4th The Orphans suffer their first shutout in 90 games played, a 5–0 whitewash by Doc McJames of Baltimore. The Orioles lead the league in shutouts with 10 and have shut out the hard hitting Beaneaters 7 times.
5th In Chicago’s 5–0 whitewash of Baltimore, Bill Dahlen, 2B Jim Connor, and 1B Bill Everett execute a triple play.
6th Walter Thornton has good fielding support from his Chicago mates and beats Donahue and the Phillies, 1–0, in 11 innings.
7th Pitcher Cy Seymour collects 4 hits for New York and defeats St. Louis, 12–1.
10th Second-place Boston wins a doubleheader 7–4 and 6–5 from the league-leading Reds.
11th Lefty Frank Killen, released by Pittsburgh, hurls Washington to a 4–1 win over New York.
12th The Treaty of Paris ends the Spanish-American War.
15th Only 200 fans watch the 11th-place Senators defeat the 12th-place St. Louis Browns in Washington 10–2.
The NL Board of directors recommends that Holmes be suspended for the rest of the season and that New York, which has not provided gate receipts to Baltimore for the July 25 game, pay a $1000 fine to the Orioles.
16th Boston moves into first place, as Kid Nichols downs Chicago, 5–4, and the Giants’ Amos Rusie shuts out Cincinnati, 4–0, The Reds held the lead for 98 days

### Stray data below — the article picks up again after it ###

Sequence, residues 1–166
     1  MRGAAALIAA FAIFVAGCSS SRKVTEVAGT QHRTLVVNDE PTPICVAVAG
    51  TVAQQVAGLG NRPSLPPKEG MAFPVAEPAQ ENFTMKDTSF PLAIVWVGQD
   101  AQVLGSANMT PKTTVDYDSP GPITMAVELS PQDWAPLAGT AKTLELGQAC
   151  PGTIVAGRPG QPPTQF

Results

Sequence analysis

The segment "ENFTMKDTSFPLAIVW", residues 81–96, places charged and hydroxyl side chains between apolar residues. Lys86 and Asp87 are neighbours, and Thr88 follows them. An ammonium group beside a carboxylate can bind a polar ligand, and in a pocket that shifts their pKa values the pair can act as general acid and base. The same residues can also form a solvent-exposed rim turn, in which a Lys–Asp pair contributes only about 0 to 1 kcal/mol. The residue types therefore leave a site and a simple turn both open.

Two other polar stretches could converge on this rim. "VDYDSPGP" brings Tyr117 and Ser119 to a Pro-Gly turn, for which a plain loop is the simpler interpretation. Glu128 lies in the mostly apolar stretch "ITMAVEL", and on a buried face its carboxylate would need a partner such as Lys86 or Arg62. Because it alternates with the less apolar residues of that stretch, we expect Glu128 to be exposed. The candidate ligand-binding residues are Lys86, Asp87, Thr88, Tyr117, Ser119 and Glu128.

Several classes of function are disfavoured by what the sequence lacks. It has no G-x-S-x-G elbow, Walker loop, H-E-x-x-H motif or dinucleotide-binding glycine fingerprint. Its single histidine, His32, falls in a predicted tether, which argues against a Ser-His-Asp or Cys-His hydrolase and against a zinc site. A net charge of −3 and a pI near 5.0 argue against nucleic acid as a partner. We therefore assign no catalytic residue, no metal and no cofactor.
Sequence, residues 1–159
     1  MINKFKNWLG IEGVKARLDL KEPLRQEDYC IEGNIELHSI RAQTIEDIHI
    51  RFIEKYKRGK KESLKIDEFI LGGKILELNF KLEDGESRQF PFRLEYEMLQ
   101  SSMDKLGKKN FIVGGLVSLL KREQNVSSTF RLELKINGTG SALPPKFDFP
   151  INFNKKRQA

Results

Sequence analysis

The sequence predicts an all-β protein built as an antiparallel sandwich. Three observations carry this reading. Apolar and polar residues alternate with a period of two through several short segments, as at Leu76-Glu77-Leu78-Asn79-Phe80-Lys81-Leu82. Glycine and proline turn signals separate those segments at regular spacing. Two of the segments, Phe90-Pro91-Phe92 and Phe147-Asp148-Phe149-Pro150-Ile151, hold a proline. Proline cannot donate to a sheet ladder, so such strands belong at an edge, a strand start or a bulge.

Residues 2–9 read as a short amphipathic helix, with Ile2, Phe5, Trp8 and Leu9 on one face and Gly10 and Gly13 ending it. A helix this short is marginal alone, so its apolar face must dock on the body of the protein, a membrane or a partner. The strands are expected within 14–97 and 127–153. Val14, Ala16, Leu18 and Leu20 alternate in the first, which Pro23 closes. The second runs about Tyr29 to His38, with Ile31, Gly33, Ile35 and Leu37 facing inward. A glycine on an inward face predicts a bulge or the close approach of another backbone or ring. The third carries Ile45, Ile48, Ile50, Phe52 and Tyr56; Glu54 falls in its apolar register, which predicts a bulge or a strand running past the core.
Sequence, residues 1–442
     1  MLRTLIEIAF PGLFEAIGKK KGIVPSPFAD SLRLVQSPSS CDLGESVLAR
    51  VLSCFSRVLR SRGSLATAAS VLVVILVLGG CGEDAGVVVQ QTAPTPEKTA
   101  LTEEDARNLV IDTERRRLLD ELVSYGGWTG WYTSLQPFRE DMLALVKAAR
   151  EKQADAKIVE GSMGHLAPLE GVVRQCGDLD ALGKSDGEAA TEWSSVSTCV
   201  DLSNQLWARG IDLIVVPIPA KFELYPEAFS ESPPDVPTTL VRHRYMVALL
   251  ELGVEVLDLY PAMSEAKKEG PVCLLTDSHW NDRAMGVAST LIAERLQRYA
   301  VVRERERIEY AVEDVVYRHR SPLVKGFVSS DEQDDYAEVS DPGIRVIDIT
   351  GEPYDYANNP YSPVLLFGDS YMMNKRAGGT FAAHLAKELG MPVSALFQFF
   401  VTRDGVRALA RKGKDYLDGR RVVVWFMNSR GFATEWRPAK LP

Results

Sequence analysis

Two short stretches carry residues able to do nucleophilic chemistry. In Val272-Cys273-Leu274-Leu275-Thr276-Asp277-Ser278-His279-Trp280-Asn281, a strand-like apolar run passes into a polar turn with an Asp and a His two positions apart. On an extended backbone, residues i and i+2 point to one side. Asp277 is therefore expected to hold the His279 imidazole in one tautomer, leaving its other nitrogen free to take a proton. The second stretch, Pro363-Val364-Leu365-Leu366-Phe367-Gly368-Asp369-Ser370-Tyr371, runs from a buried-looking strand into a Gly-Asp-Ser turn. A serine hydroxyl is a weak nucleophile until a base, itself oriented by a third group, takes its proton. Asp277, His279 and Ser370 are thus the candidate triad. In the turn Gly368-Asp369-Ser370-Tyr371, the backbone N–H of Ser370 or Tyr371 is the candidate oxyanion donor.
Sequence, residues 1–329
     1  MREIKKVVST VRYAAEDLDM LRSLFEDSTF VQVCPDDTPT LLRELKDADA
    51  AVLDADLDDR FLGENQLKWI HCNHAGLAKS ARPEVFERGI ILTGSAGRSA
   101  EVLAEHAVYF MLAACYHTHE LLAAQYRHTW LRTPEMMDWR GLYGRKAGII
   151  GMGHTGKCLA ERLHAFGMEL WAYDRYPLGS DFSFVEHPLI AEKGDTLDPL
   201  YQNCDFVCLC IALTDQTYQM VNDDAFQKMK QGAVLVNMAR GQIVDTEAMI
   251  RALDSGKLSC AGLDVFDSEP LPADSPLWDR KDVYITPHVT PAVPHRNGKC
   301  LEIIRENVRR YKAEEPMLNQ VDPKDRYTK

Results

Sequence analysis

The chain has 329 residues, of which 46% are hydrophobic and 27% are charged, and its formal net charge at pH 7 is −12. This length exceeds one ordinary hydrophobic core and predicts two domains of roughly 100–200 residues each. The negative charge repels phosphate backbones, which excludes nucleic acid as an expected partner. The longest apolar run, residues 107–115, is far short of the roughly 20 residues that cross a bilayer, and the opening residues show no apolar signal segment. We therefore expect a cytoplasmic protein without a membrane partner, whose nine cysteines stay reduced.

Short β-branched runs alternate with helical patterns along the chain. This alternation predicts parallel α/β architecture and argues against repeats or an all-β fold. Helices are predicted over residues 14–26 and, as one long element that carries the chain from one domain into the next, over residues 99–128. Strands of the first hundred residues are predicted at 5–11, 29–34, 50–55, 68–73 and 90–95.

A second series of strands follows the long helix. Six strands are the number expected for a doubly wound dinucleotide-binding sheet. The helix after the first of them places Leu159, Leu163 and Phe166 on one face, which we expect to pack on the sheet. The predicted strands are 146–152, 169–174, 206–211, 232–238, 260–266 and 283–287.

21st Walter Thornton of Chicago, a part-time OF, pitches a 2–0 no-hitter over Brooklyn and collects 2 hits.
The Sporting Life calculates that NL right-handed pitchers have won 408 games and lost 397 for a .506 percentage. Lefties are at 163-174 for a .484.
22nd The Baltimore club, based on the direction of the NL board, suspends Holmes. A number of club owners as well as newspapers feel the suspension is too harsh. Holmes’ lawyer will serve a write of injunction on the Baltimore club restraining the Orioles from suspending Holmes until he has a court hearing.
In the Phillies 18-9 victory over Louisville, Bill Douglass scores 5 times.
25th The NL Board of directors, bowing to public pressure, and the advice of a majority of owners, rescinds the suspension of Holmes. The recommendation that Freedman pay Baltimore a $1000 fine is not changed.
26th Cleveland plays its final home game of the season and only their 4th in Cleveland since July 9th. With 83 of their final 87 games on the road, the team has earned nicknames such as the Nomads, Exiles, Misfits, and Wanderers.
27th Hughey Jennings, the Orioles SS, has 10 assists in a 6–2 victory at St. Louis. The most for the season will be 561 by the Reds’ Tommy Corcoran.
28th Umpire Bob Emslie is too ill to continue after the first game between Baltimore and St. Louis. Orioles Manager Ned Hanlon recommends that Browns’ manager Tim Hurst, a former NL umpire, officiate in the 2nd game. The Orioles win 6–2, but “Tiny Tim” is cheered by the crowd.
Brooklyn and Cleveland play at a neutral field in Rochester, NY. Jack Dunn defeats Jack Powell, 7-5. Fielder Jones his an inside-the-park home run, his first HR of the season.
30th The New York Press, concerned about scuffles among players, umpires, and managers and the deterioration of baseball, calls for the return of A. G. Spalding. Before his retirement, “he worked so long and well to place it upon a high plane.”
Chicago’s Clark Grifﬁth, who will top NL hurlers with an 1.88 ERA, throws a three-hit 1–0 shutout at the Giants.